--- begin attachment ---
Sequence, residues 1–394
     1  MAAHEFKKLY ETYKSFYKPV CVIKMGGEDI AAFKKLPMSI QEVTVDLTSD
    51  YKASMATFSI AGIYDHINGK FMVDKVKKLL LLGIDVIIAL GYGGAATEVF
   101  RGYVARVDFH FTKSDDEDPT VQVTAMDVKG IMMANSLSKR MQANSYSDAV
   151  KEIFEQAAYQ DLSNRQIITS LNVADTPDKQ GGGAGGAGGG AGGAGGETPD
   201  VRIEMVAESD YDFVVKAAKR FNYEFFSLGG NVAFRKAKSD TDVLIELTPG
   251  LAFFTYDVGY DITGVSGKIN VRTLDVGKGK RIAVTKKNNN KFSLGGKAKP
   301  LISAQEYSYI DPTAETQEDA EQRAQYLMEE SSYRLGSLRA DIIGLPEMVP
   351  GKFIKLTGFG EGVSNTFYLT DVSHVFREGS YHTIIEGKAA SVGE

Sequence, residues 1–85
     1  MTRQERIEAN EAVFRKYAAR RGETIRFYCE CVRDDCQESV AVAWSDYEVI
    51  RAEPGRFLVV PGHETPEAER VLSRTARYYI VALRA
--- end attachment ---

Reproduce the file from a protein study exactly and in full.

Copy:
Sequence, residues 1–394
     1  MAAHEFKKLY ETYKSFYKPV CVIKMGGEDI AAFKKLPMSI QEVTVDLTSD
    51  YKASMATFSI AGIYDHINGK FMVDKVKKLL LLGIDVIIAL GYGGAATEVF
   101  RGYVARVDFH FTKSDDEDPT VQVTAMDVKG IMMANSLSKR MQANSYSDAV
   151  KEIFEQAAYQ DLSNRQIITS LNVADTPDKQ GGGAGGAGGG AGGAGGETPD
   201  VRIEMVAESD YDFVVKAAKR FNYEFFSLGG NVAFRKAKSD TDVLIELTPG
   251  LAFFTYDVGY DITGVSGKIN VRTLDVGKGK RIAVTKKNNN KFSLGGKAKP
   301  LISAQEYSYI DPTAETQEDA EQRAQYLMEE SSYRLGSLRA DIIGLPEMVP
   351  GKFIKLTGFG EGVSNTFYLT DVSHVFREGS YHTIIEGKAA SVGE

Sequence, residues 1–85
     1  MTRQERIEAN EAVFRKYAAR RGETIRFYCE CVRDDCQESV AVAWSDYEVI
    51  RAEPGRFLVV PGHETPEAER VLSRTARYYI VALRA